Images are extremely useful for delaying text matching when sending memes. It isn’t just China that finds the spread of anti-authoritarian memes threatening. Both House leaders and state governments such as California’s have demanded that social media services censor memes they disagree with.

Apple’s system could hardly be designed better for handling such requests. To outside appearances “child porn” is merely the root password they’re using to disable privacy on their phones. They’re using the legitimate fear of child pornography to enable a tracking system that is far more useful for authoritarian governments than for law enforcement in democracies. It is hard to believe that the Chinese government isn’t going to be all over this now that it’s been announced, if they’re not already the reason it was designed.

Apple is pulling a bit of a switcheroo here, potentially setting up a motte-and-bailey defense. They’re announcing two completely different things, and most reports seem to be conflating them as if they were two related systems. They’re not.3

One is the potentially dangerous but understandable use of machine intelligence to enhance parental controls. It can be turned on and off by parents, scans local images, and provides warnings to parents, not to governments. While there are certainly privacy concerns with this system, there are always privacy concerns when creating tools for parents. The iPhone must be set up as a child’s phone for this tool to work, and iOS already has a lot of tools built in for parents to monitor their children’s activities.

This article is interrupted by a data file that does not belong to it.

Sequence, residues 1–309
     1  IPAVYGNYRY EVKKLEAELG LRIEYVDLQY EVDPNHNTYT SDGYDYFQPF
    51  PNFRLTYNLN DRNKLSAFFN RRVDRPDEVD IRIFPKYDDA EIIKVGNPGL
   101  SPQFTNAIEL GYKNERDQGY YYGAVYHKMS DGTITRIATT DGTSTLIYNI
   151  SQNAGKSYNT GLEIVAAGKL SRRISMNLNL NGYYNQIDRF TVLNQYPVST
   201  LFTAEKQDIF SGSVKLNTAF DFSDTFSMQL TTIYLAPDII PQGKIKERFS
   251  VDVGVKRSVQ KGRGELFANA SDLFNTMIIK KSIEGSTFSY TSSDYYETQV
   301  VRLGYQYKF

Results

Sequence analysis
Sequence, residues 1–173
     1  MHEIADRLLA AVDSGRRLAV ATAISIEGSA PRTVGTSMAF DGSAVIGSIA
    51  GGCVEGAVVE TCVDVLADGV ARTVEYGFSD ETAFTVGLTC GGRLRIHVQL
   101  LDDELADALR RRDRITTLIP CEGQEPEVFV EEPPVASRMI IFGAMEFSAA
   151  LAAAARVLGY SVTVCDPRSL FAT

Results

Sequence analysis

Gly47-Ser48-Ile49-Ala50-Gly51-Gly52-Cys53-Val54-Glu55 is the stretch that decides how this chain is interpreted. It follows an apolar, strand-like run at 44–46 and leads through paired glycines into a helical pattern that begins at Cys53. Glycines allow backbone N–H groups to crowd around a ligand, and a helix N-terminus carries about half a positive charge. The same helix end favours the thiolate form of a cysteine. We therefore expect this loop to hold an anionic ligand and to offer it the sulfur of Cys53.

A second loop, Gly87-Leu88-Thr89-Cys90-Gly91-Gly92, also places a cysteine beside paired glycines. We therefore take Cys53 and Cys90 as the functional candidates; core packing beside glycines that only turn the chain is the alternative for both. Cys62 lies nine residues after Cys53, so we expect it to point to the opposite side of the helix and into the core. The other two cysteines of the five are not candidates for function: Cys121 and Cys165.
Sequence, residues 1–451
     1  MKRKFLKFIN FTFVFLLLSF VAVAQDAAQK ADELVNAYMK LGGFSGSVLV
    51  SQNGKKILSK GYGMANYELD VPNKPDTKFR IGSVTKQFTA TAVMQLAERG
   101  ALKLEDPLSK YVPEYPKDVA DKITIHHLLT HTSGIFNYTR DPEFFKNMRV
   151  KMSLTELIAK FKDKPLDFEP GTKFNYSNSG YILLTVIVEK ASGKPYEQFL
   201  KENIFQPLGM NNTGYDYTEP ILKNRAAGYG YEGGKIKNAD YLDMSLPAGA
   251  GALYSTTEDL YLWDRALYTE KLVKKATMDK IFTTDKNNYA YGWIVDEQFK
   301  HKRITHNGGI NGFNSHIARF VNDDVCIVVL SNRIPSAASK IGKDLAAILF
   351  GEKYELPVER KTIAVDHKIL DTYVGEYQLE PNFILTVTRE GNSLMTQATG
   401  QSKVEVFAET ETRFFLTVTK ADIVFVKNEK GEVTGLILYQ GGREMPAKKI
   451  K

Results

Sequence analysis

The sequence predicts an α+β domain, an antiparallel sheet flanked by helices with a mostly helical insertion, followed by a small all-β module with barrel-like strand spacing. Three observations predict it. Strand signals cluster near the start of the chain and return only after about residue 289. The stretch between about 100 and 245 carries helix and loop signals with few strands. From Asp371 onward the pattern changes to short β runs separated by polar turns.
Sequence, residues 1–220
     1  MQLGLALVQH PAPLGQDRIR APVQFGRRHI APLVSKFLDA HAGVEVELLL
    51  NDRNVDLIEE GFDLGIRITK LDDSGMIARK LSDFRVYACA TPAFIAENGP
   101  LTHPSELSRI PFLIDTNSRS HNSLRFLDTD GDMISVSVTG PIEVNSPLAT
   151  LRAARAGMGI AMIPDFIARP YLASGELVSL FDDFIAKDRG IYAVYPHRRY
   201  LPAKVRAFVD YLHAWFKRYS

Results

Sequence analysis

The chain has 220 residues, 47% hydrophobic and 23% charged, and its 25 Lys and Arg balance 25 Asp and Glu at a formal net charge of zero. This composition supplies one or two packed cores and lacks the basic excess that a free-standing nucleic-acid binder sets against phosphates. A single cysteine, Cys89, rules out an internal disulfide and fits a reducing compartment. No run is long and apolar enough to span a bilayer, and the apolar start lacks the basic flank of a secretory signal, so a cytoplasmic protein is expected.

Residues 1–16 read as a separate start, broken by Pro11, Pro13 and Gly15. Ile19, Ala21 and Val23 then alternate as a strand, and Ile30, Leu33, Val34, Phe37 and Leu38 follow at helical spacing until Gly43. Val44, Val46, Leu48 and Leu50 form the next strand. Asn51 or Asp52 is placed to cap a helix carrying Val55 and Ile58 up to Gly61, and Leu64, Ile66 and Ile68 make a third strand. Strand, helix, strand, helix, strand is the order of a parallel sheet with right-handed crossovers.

This is hardly the most intrusive item under parental control: parents can track their children’s movement and block arbitrary web sites, for example. Unless we want to pretend that children are adults, some sort of tradeoffs are necessary when parents allow their children to have a phone.4 There are strong arguments that this particular feature is over the line, but ultimately whether that’s true is a question of appropriate tradeoffs.

But that system is completely different from the database image matching system. It is completely separate and has a separate purpose. That purpose sure looks like appeasing totalitarian governments. It is not part of parental controls, it runs on all phones, and what the photos are is cryptographically secret. Only whoever Apple got the list from knows what photos are in that list. It is a system for tracking the spread of specific imagery and reporting its use.

I suspect that Apple announced these two items at the same time hoping that people will conflate the reasonable one with the unreasonable one.

It’s all smoke and spinning mirrors.

  1. This is from my reading of the CSAM description, and I’m not sure about it. The description of inner and outer decryptions was difficult to follow.

  2. If I’m reading the document correctly, even Apple doesn’t know what images they’re searching for—all they get is a set of hashes. They can see the images that get reported, but from the description it sounds like verification by Apple is not required for the system to work. A country such as China could simply require that all matches be reported without intervention by Apple.

  3. There is also a third item that is so silly it has to be a deliberate slippery slope or a complete misunderstanding of human nature. If someone searches for offending material, Siri will tell them they’re being naughty and offer counseling advice.

  4. On the other hand there are some things I was surprised to find are not part of parental controls. Parents cannot monitor text messages. So Apple has set up a complex system for alerting parents about explicit images, and nothing about the far more simple task of alerting parents about sexting or other dangerous, text-only activities.

  1. <- Why teach programming?